2) Plunder. If he's getting involved in the war at the eleventh hour, might as well try to turn a profit while he's at it. We all know how much Tywin loves his gold.

    3) Create a cover for the massacre of the royal family. The chaos and tumult of a sack create a situation where it is more believable that Tywin wouldn't have noticed two of his knights conveniently "going rogue" and murdering Elia and her children until it was "too late" to do anything about it except collect the bodies for Robert. Tywin is usually very careful to create plausible deniability for himself whenever he orchestrates an atrocity - think of Gregor and his "bandits" at Mummer's Ford, and Walder "the blood is on his hands" Frey and the Red Wedding.

    It's all very cold blooded, but like you say - it is Tywin, after all.

  2. Yeah, it seems unlikely that we will ever get some closure on Tysha or on Gerion and Brightroar.
    To be honest, the fanboy in me expects Tyrion to journey to the ruins of Valyria to find the remains of Gerion and wield the sword (even though it would be impossible for him since Brightroar is a greatsword), then claim The Rock as his birthright. Then find Tysha back in their cottage (where do whores go? why, they go home) and apologize.

  3. I'm not sure how to ask questions on here, so I apologize in advance for the lightly related subject matter.
    In most podcasts I've listened to, people keep thinking we're entering the endgame of the series. Assuming the endgame doesn't simply mean over the halfway mark, I don't understand this.
    there are still two major phases that need to happen, so, assuming they are both of equal length, doesn't that mean we are nowhere near the end?

    1. Well...its really hard to tell. If you view the first three novels as the beginning, Feast and Dance as the middle, and Winds with Hymn as the end, then yes, we are about to see the resolution of every plot line in the last two books.
      Feast and Dance were all about assembling the end game and letting some of the characters rest, train, and work on their plans since the events of the first three books left the world in chaos and most of the characters spent and tired.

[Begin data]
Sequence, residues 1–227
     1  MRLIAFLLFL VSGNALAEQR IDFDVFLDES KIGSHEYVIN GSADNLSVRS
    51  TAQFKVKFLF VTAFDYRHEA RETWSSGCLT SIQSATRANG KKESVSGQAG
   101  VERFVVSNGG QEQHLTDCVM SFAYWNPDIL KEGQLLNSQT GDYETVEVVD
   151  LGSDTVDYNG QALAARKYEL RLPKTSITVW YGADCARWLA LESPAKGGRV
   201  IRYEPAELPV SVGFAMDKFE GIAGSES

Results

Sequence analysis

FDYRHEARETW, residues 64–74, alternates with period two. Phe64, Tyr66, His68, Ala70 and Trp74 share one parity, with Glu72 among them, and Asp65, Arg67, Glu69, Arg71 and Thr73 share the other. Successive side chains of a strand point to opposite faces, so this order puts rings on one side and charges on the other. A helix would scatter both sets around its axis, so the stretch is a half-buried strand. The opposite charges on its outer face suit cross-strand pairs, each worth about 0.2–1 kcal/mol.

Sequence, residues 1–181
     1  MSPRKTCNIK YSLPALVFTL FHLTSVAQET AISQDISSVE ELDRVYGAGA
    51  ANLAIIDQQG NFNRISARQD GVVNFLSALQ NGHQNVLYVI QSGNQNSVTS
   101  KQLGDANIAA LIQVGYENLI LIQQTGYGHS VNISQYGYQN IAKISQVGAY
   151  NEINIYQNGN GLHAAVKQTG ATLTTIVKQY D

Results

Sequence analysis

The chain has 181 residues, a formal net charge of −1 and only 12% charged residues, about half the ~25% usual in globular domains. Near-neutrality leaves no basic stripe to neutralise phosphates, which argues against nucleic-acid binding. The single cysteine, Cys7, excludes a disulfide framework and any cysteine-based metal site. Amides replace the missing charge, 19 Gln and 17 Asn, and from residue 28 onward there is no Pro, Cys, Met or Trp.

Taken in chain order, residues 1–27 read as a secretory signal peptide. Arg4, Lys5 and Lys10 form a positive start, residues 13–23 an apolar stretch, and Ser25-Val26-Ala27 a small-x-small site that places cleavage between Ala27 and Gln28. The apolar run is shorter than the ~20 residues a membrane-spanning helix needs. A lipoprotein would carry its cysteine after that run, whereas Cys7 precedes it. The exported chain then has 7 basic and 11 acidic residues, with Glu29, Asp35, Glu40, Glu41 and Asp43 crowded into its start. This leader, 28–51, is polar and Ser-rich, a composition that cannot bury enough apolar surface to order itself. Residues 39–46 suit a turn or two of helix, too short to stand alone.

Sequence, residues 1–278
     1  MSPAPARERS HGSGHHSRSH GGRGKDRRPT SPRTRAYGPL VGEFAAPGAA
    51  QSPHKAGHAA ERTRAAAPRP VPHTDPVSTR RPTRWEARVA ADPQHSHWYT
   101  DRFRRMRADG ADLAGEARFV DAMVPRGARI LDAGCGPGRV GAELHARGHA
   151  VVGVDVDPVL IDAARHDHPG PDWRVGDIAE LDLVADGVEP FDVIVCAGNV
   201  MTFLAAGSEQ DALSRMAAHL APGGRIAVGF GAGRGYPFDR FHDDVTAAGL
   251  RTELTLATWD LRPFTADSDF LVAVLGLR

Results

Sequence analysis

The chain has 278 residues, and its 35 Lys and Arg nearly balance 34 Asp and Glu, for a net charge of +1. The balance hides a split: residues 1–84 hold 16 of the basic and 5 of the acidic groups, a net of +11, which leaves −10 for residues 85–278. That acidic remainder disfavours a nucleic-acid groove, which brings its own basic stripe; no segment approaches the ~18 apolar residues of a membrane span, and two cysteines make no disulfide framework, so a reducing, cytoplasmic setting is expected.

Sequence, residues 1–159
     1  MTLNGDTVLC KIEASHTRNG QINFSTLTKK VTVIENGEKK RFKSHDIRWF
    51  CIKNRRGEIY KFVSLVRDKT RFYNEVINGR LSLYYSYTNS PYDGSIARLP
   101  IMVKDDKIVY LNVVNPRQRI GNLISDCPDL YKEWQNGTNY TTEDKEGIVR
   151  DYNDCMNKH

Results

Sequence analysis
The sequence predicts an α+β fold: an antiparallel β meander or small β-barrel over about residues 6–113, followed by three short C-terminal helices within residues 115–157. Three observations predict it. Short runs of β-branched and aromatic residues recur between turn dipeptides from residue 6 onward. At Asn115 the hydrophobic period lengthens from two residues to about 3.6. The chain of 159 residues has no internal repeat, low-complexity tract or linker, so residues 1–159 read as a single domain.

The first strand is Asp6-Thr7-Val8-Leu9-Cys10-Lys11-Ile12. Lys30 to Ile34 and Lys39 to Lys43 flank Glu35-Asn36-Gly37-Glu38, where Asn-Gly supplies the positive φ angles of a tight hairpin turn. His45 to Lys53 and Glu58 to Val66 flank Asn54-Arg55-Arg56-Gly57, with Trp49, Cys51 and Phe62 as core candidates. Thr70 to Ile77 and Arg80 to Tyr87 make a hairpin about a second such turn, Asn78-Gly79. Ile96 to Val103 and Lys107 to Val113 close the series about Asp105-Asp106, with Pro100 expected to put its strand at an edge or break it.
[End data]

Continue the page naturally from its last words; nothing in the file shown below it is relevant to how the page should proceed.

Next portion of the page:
The problem with only two books left is that there are a sh*t ton of plot lines left to resolve and Martin may not be able to deal with them in two books; he is gonna need to jump from one event to the next rather quickly and get more of his POV's in the same location to reduce individual chapters and just have several characters in the same place at the same time.
      I don't doubt Martin though, I'm sure WoW is gonna be his best ASOIAF yet and am really excited about the battles for Winterfell and Meereen.

    2. the issue with this is that game through storm were mainly about one major event: The War of 5 Kings. The Winds of Winter(should) mainly concern itself with the Dance of The Dragons, which should take about as much time as the War of 5 Kings did to unfold, perhaps a little less. Then Dream of Spring should concern itself mainly with the Invasion of the Others, which again should take just as long, but perhaps a little less than the Dance of the Dragons to unfold.

      Or am I wrong in assuming that The Dance of The Dragons and the Others' Invasion should be about the same in length as the War of 5 Kings, since the only thing I am basing it off of is that they are the original titles of the trilogy, so they were all supposed to be their own books.

    3. One crackpot theory of mine is there may be 2 completely unrelated storylines in the books. The Northern, concerning the invasion of the others and the possible restoration of the Stark dynasty. And the southern concerning the Dance of the Dragons and in relation Danny's invasion. They may meet at some point (sooner or later) and I think they will, but perhaps they continue to be unrelated and that helps GRRM finish quicker.

      Personally I keep alternating between thinking Winds will be out in the Winter of 2014, and thinking that he'll need at least 3 more books to finish and they'll take 3-4 years each, lol.

  4. I have a question concernig the Undying. Why were they showing Dany all the visions and prophesized all the stuff if they were about to attack and consume her?

    1. I mean if they were about to destroy her she wouldn`t be able to ride the three mounts, light three fires, etc... it seems like the contradict themselves... Logic?

    2. Stefan, how long is your list, anyway? :)

  5. Tywin was probably thinking his best bet was to gamble that Jaime would see himself through the chaos. His other options at that point 1.) continuing to stay out of it and 2.) to fight the rebel army Eddard Stark is leading toward King's Landing are both pretty risky, too.